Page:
Vulgarity and Vengeance

The story is familiar by now. Nine years ago, a young football coach at Penn State walked into the locker room and heard odd noises from the showers. He peeked in, and claims to have seen a young boy with his hands placed on the walls, and a retired coach, Jerry Sandusky, embracing him from behind.

He reported this to his superiors, and, after a perfunctory investigation, they let the matter drop. Other young men now claim that Sandusky recruited them through his charity, The Second Mile, and seduced them or pressured them into sexual activity.

Sandusky maintains that he is innocent. That seems implausible. Every time he opens his mouth, he comes across as all the more deviant, tangled in years and years of self-deceit and depravity. If he is guilty, as he appears to be, then he should spend a long time in prison.

But what puzzles me is not the factual dispute. It’s the reaction of the public in the comments appended to news articles on the scandal, which are unrelievedly vulgar, and express a gleeful delight in vengeance.

Some say that he deserves execution, others castration. Many look forward with satisfaction to the homosexual rape he will suffer in prison. For criminals, too, possess a code of good and evil, and though they may respect a killer, they despise people child abusers.

What’s the puzzle, you may ask? It’s manifold. First, what, according to contemporary mores, is wrong about male penetrating male? We are told that this is just another form of sexual release; we are even asked to celebrate it, with gaudy parades down Main Street, attended by children, who will be encouraged, if they are “questioning,” to try it out – protected, of course, by a latex sheath.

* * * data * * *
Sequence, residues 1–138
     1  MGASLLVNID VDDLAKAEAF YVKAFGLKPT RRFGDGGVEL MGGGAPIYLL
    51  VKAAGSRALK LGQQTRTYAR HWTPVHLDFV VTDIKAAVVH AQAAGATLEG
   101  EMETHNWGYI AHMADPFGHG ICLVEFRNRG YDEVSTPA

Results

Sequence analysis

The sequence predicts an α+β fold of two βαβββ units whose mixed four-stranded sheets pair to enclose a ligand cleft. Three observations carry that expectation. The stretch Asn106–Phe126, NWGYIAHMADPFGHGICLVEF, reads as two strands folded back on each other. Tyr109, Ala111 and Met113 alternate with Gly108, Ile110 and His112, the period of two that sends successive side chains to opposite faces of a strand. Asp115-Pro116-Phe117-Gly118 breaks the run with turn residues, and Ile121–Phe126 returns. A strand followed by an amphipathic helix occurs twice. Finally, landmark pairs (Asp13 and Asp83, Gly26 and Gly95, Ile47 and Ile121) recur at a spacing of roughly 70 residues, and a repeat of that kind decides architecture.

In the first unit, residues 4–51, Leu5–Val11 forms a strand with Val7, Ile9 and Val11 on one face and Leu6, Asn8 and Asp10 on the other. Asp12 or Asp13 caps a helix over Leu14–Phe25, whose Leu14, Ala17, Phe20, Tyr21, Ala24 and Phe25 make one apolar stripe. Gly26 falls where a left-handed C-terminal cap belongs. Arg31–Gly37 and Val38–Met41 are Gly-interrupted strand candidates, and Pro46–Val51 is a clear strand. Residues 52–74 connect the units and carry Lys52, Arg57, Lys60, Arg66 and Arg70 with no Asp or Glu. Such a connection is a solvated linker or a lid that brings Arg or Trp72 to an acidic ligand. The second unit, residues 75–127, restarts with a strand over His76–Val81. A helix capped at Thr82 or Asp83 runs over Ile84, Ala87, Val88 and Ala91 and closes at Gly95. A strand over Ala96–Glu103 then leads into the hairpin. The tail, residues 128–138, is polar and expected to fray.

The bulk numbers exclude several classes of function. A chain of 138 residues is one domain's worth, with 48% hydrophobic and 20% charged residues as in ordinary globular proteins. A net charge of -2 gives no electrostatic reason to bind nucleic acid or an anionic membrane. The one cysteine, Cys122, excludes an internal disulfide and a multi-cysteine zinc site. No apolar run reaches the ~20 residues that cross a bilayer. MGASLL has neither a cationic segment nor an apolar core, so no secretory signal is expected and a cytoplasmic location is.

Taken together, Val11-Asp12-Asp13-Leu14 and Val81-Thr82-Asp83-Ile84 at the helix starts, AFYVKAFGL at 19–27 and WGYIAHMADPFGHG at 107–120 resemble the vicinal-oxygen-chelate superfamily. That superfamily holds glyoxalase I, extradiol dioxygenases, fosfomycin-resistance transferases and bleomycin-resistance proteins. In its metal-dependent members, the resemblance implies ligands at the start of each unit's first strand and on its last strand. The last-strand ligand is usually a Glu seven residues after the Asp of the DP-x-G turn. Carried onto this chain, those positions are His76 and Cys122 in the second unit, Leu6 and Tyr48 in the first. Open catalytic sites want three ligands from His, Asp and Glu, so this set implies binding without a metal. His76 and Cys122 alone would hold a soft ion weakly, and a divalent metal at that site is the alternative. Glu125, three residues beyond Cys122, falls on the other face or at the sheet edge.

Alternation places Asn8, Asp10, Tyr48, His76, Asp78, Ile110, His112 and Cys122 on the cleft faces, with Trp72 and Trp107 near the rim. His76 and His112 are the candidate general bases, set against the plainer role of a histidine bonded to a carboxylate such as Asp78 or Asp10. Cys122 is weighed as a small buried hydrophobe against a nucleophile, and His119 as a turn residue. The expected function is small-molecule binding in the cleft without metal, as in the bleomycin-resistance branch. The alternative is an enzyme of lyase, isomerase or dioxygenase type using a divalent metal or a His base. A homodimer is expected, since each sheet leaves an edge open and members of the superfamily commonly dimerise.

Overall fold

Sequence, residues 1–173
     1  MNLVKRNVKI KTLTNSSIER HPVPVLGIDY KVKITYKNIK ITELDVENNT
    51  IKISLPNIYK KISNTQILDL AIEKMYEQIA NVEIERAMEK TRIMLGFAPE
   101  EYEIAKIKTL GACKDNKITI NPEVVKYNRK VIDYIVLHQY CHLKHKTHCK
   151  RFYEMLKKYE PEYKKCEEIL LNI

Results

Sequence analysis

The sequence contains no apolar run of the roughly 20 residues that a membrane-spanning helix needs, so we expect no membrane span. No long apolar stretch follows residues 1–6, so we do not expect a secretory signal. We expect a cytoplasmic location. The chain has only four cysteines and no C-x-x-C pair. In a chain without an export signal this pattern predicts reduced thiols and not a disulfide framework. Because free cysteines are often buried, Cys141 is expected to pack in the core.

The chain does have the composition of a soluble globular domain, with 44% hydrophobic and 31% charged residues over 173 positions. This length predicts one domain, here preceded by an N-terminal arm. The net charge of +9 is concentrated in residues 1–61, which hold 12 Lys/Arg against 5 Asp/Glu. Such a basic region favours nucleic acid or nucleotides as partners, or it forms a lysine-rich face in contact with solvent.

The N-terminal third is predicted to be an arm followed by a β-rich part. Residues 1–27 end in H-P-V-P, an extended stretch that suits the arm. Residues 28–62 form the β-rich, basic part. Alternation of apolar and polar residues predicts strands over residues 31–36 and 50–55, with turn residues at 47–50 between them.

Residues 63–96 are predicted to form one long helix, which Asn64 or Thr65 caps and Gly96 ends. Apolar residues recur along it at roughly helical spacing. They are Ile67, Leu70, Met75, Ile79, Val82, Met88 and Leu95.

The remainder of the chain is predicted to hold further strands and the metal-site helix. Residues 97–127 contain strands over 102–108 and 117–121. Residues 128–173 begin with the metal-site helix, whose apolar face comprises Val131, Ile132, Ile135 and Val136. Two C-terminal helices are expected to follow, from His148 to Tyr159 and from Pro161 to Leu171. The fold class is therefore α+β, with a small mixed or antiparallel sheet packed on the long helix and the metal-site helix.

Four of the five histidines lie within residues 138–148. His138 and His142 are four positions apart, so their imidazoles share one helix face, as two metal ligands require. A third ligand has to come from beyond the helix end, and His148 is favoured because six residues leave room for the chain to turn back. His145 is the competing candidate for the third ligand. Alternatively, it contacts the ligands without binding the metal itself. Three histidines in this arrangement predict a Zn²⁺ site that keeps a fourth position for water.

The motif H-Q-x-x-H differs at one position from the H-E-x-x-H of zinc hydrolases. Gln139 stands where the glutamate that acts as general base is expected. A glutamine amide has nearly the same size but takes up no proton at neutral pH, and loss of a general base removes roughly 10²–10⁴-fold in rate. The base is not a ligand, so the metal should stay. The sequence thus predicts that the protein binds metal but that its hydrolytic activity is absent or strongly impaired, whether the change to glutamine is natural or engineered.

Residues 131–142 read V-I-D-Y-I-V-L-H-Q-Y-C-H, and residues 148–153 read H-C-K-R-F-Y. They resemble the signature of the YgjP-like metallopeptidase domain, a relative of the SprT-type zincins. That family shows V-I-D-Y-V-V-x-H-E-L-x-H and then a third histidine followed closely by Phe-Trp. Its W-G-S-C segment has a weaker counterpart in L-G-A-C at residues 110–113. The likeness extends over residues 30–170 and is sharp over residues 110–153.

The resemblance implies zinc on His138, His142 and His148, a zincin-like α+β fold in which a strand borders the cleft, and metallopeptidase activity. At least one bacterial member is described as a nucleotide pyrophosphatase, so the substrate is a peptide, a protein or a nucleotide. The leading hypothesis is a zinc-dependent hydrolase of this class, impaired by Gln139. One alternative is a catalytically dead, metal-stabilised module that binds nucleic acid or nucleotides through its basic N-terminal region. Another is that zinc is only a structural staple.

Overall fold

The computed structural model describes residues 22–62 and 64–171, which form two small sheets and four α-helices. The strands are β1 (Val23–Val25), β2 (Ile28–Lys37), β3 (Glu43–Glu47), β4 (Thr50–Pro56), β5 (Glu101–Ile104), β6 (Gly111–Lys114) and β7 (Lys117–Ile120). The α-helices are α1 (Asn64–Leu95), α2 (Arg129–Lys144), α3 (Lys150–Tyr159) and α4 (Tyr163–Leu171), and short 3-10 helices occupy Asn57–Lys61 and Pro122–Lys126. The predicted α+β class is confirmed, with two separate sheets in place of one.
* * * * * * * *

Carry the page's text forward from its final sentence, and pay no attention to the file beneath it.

But then, why the disgust with Sandusky, and why the sense that he would be justly punished by that same act? For the same people would not say, if he had kissed the boys, that the prisoners should make him suffer by kissing him in return. 

Nor do they concentrate upon the age difference. Indeed, that difference accentuates the evil, but doesn’t change the nature of the act, and it’s the act that they revile, with most disgusting physicality.

Yet in their vilification of Sandusky, there’s not a trace of self-awareness. It’s not only that they never stop to question their tolerance of homosexual activity in general. It’s that they don’t examine their own consciences.

They Brought the Children by Vasily Polenov, c. 1900

They’re blissfully free of sexual evil – because they happen not to be attracted sexually to children. They seem to understand that it is vile to corrupt the innocence of children. But if they reflected for a moment, they would see that we’ve been corrupting children for a couple of generations now.

The television that children watch is almost uniformly vicious. Drug stores are stocked with lewd and nasty magazines. Pornography on the computer is a click away. High schools peddle porno-twaddle in English classes, like Tony Kushner’s homosexual rant, Angels in America